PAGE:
The 11 American track and field athletes who left the 1983 Pan American Games in the wake of unprecedented drug testing thought they were slipping out of the country quietly when they assembled on a humid August night to fly to the United States.
The much-publicized drug bust in Caracas, Venezuela, collared 19 athletes from 10 countries. The charge: use of substances banned by the International Olympic Committee. The most-used drug: anabolic steroids.
That airlift of U.S. athletes--allegedly getting out, before competing in their events, to avoid the testing--was an ending and a beginning in the world of drugs in amateur sports. It was the end of public and press ignorance of what had been an underground epidemic of drug use in sport. It was the beginning of enlightenment, the declaration of a "war on drugs," and a period of uncertainty and fear among athletes.
No longer could the problem be ignored. The "problem" walked off a plane in Los Angeles and into the bright lights of the media and the living rooms of America. Anabolic steroids might have been breakfast cereal as far as Middle America knew.
What the public wanted to know was why had U.S. athletes run from the testing? What of the testing, what were these super-machines and could they really detect what an athlete had for lunch six months earlier? Why did this bomb drop at Pan Am Games? Why the summer before the Olympics? And, most of all, why do athletes take drugs?
Not all the answers to these questions are readily available two years after the drug bust, but the fact that questions are even being asked underscores the heightened public awareness of the problem of drugs in sport. And there is a problem. The sports establishment has, in a fragmented fashion, attempted to combat drug use among athletes. The athletes have sought medical help and counsel. They have also circled their wagons to avoid detection.
Soon after Caracas, the U.S. Olympic Committee gathered itself to act. Within weeks then-USOC Executive Director F. Don Miller announced a wide-ranging "war on drugs" that would include random and informal testing of athletes in several sports, as well as a comprehensive educational program. The offensive against drugs was to be funded by a $250,000 war chest.
The most visible aspect of the USOC's program was its informal testing, which allowed athletes to be tested without fear of sanctions. It also allowed some athletes to use the testing to determine when they were clean. Controversy flared when the coordinator of the USOC's instructional program for elite track and field throwers admitted he had been supplying U.S. athletes with information on how to beat the Olympic drug tests.
Now, the USOC is working toward a new program of testing, incorporating formal and informal testing, but stressing education. The USOC has upped the ante from 1983, setting aside $800,000 for testing leading up to the 1988 Games.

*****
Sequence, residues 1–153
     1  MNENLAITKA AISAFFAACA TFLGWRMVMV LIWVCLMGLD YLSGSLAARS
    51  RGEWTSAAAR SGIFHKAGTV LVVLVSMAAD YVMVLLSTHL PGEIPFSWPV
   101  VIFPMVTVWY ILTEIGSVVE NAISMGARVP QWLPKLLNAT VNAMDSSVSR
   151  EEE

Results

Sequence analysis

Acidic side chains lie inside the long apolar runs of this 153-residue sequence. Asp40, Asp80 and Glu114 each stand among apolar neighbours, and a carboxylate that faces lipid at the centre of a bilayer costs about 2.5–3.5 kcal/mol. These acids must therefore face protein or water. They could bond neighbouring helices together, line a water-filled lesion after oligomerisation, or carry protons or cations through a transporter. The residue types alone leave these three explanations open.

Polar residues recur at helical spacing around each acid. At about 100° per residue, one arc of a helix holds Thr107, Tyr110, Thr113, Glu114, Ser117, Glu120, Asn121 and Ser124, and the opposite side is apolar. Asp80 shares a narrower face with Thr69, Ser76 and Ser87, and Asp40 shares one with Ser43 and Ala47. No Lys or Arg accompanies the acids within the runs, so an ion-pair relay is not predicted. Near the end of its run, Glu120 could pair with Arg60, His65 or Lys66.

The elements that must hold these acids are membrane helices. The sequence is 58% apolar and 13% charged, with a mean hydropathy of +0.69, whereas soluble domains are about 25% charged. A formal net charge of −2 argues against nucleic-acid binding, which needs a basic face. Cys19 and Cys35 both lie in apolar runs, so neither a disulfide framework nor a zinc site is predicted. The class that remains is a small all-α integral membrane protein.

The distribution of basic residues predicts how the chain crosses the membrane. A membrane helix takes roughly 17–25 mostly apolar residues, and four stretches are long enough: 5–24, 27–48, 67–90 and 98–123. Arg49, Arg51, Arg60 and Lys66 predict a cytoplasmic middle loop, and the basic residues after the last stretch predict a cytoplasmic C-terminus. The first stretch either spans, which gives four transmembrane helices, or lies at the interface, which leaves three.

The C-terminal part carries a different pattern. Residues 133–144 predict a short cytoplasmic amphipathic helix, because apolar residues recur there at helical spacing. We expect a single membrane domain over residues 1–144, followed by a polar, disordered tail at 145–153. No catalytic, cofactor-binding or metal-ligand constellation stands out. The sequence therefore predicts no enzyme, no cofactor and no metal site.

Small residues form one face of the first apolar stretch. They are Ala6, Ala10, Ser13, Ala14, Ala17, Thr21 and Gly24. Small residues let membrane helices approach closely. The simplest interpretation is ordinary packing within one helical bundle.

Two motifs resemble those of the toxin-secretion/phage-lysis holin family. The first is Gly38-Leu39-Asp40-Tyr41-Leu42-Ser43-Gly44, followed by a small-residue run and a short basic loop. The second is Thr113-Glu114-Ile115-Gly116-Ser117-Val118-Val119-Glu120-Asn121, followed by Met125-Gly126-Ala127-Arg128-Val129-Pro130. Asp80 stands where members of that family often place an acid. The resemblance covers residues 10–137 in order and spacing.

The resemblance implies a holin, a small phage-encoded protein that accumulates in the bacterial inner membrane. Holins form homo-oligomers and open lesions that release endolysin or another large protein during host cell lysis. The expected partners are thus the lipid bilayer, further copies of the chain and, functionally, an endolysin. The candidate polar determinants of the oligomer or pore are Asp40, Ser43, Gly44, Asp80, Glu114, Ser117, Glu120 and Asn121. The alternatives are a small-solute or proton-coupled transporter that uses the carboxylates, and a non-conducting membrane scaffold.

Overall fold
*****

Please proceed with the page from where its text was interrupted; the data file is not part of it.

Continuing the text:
Don Catlin, M.D., the clinical pharmacologist who ran the UCLA laboratory that was used during the 1984 Olympics, has been recently named to chair an eight-person USOC Committee on Substance Abuse, Research and Education.
"The climate is right," Catlin said. "It takes a while for a problem like this to reach a threshold before scientists and others become involved. I think Caracas had an enormous impact in that regard.
"The USOC is clearly very, very concerned. Nobody wants to operate a drug testing program, but it's pretty clear we need it. For testing against anabolic steroids to be effective, the testing has to take place more than every four years. It's a training drug, not a drug taken immediately before a performance."
Catlin's committee has established some guidelines for the testing program, which will be conducted at the U.S. Olympic Training Center in Colorado Springs, Colo.
"The way it's coming down is this: in the first offense--six months suspension plus additional testing. In the second instance--four years suspension. We'll have a very effective appeals process, that's important."
The international community, while applauding the new USOC effort, is taking a wait-and-see attitude.
"The USOC has been quite inactive for a very long time, as you know," said Dr. Arne Ljungqvist, the International Amateur Athletic Federation's representative to the IOC Medical Commission. Ljungqvist spoke in a phone interview from his home in Enebyberg, Sweden.
"There is still a feeling that the USOC is not, or has not, been active enough," he said. "It (USOC) has to do much more and show that to the world. We feel that they have been more worried about (their) PR image than doing anything important. It was not nice for the U.S. when, after the Olympics, it becomes evident that the cycling team has been blood doping. Much has to be done from their side."